The Effects of Coronary Artery Disease and the Effects it has on its Victims

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Coronary Artery Disease, also known as Coronary Heart Disease, remains the leading cause of death in the United States accounting for 1.4 million deaths per year (Rimmerman, 2000). What is coronary artery disease? It’s the narrowing of the arteries that supply blood to the myocardium, which is the heart muscle. Severe coronary artery disease can potentially leaf to Congestive Heart Failure. What causes coronary artery disease? The cause of coronary artery disease is atherosclerosis, hardening of the arteries. This occurs when fat, cholesterol, and other substances build up on the walls of arteries and form hard structures called plaque. Over time, this plaque can block the arteries and cause problems throughout the entire body (Newton,…show more content…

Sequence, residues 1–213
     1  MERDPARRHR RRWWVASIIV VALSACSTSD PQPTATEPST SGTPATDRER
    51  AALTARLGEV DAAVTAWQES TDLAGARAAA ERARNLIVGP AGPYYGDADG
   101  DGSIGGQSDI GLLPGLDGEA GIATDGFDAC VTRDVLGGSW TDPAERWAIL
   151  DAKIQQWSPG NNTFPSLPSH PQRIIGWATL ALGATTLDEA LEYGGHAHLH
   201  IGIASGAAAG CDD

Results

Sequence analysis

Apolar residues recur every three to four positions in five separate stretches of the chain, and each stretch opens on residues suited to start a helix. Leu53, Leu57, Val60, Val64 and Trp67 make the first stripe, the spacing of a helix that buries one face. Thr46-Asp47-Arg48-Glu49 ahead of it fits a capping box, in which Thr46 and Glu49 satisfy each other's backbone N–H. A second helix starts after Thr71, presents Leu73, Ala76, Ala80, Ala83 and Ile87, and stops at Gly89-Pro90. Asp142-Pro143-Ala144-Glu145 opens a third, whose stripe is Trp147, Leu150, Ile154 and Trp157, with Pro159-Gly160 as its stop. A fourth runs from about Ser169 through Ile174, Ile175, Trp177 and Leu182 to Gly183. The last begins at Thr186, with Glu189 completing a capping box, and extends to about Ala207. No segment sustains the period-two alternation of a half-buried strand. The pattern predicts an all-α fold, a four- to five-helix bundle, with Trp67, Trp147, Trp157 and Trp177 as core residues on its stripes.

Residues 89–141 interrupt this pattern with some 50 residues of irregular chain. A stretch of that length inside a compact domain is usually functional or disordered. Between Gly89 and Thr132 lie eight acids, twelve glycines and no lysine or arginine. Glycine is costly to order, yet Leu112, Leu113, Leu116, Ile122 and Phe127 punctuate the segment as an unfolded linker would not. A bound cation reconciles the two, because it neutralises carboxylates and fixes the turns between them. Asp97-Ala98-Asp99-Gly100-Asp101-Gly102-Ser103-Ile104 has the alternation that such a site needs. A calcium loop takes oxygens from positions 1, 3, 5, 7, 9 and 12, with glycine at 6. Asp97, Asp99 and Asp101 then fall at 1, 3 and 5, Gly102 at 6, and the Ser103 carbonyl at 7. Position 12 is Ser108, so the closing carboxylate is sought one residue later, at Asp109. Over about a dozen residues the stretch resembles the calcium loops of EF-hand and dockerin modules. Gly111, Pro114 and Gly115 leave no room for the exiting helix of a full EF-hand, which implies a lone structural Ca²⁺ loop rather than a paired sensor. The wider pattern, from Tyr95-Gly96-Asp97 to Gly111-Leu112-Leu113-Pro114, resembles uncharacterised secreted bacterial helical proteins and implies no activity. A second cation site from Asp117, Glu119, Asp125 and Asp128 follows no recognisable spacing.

Eating more fruits, vegetables, whole grains, high-fiber foods, foods low in saturated fat, trans fat, and cholesterol, fish, and foods high in omega-3 fatty acids, can very easily help to reduce the symptoms of coronary artery disease over time. Like all other muscles, the heart becomes stronger with regular exercise. Exercise helps the heart to pump more blood through the body with every beat and working at maximum level, if needed, with less strain (Newton, 2000, p.92). If lifestyle changes aren’t enough, medications will then be prescribed. A class of drugs used for treating coronary artery disease is designed to lower cholesterol and aspirin may be recommended because it tends to thin the blood (Newton, 2000, p.91). If lifestyle changes and medications fail to help treat coronary artery disease, then the patient’s last resort would be surgery. Two major surgeries include; angioplasty and bypass surgery. Angioplasty is the attempt to open the blood vessel by passing a catheter into the artery and inflating a balloon on the catheter tip to push the plaque against the vessel wall, thus widening the lumen of the vessel. Bypass surgery is a more complicated yet more successful surgery. A portion of an artery that is blocked by plaque is clamped off. A blood vessel is then taken from another part of the body and inserted just before and just

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